Mr Selfe asked who the judge was in terms of whether the fund could be used for legal purposes.
Ms McDaid said that that she could not respond directly but OUTA did not want to all the funding go to litigation.
Ms Mathys asked whether OUTA’s submission suggested that it was possible for funding to be used for litigation should that be in the public interest. The country was not in the perfect democracy and possibly would not be going in that direction any time soon. She agreed that legislation should look to the future but it should also look to problems that may arise and litigation might be the only way to solve the problems.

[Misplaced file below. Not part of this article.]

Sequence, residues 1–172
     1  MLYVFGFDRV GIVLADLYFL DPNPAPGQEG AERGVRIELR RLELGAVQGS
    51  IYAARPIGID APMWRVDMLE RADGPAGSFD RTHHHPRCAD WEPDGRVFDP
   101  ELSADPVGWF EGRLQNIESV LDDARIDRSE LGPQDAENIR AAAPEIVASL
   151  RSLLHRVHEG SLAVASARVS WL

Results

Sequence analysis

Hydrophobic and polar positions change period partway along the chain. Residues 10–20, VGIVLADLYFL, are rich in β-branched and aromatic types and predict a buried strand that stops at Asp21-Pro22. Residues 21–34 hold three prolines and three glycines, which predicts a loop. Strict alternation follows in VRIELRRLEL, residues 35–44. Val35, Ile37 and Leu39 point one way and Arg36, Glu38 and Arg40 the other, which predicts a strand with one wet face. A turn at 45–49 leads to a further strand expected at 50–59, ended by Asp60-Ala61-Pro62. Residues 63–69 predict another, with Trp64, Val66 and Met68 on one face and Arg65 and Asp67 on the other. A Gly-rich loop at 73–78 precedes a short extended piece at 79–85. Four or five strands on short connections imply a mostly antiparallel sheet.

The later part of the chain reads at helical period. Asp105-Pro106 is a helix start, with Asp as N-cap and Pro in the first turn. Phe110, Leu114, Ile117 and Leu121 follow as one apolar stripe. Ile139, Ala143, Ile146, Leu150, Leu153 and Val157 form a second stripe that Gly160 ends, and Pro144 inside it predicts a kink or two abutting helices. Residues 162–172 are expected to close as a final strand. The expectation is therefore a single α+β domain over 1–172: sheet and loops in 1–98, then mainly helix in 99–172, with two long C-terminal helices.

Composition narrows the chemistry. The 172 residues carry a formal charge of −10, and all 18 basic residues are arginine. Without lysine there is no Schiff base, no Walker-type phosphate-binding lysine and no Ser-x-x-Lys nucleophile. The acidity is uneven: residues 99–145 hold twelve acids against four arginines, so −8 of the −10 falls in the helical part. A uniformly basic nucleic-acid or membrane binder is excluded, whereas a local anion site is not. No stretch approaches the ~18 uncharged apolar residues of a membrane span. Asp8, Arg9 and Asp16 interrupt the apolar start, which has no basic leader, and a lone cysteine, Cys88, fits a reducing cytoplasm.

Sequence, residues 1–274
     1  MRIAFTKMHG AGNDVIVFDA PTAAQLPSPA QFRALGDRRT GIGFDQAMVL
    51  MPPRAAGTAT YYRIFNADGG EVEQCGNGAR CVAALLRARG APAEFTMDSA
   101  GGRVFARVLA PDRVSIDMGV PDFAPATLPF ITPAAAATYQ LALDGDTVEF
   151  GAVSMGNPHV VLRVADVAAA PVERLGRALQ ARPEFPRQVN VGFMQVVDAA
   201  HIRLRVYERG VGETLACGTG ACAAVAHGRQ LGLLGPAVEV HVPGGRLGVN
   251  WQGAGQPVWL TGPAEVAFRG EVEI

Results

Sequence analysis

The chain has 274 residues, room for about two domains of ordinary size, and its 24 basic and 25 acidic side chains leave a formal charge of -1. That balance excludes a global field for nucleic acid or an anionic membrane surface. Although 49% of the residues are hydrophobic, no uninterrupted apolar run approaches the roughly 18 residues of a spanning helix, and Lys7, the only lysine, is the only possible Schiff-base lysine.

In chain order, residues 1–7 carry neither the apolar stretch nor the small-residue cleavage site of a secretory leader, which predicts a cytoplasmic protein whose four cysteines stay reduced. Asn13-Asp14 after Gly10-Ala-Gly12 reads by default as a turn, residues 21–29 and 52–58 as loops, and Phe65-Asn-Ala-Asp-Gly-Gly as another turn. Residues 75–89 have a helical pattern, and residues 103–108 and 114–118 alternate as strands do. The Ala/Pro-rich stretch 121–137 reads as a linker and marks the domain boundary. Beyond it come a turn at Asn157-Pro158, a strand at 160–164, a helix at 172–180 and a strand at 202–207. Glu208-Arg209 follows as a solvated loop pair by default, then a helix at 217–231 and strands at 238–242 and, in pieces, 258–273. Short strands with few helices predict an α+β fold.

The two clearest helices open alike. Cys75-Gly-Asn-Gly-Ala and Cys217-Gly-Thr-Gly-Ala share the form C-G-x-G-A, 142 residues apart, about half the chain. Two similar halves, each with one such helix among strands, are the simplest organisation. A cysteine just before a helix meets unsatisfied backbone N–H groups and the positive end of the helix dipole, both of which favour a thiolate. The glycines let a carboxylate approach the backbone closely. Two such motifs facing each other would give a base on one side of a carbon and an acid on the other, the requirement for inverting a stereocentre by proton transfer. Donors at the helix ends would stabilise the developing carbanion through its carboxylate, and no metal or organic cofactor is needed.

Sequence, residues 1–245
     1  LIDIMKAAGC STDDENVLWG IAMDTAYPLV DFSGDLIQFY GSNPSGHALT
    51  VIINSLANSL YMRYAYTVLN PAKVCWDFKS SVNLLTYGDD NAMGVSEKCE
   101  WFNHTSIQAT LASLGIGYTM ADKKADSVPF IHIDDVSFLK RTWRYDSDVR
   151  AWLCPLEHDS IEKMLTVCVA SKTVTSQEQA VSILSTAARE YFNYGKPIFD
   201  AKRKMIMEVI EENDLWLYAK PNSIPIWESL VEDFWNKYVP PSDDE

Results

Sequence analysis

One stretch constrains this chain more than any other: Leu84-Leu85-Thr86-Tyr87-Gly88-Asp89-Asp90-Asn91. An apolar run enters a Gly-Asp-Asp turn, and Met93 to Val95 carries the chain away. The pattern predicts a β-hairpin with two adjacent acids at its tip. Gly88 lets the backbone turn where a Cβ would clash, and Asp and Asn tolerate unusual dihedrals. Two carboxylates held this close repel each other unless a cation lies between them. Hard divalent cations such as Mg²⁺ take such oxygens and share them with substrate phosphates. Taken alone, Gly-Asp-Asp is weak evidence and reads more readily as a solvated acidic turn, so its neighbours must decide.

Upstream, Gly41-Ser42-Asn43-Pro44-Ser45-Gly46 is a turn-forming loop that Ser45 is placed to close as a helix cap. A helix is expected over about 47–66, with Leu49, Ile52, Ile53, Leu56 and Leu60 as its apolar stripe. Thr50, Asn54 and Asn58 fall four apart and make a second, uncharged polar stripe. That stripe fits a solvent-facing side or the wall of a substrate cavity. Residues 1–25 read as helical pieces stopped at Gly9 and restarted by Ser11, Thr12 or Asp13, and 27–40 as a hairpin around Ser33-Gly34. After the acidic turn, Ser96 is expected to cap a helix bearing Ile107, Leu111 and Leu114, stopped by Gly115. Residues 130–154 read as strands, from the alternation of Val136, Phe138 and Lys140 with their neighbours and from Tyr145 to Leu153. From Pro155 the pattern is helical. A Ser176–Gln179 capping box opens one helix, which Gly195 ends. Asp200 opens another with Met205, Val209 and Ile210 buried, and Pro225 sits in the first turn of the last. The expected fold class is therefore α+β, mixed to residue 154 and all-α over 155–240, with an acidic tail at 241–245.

The Chairperson noted that OUTA had made a comment about facilitating the involvement of civil society when disclosures were made. The Bill currently said that the IEC had to make the reporting publicly available in an accessible and cheap format. Was that not sufficient involvement of civil society? If it was not, the spirit would be to strengthen it so that political parties could self-regulate.
OUTA responded in terms of legislation going towards the future. In its report, OUTA had particularly noted how many government departments spent their times defending their positions in court, but she took the point that litigation, if it were in the public interest, could be important and, valuable. The involvement of civil society needed to be strengthened as it was not just about disclosure but also about accountability. Civil society knew how things could slip through unnoticed. Similarly, if Regulations had to be accountable, they would have to go to Parliament.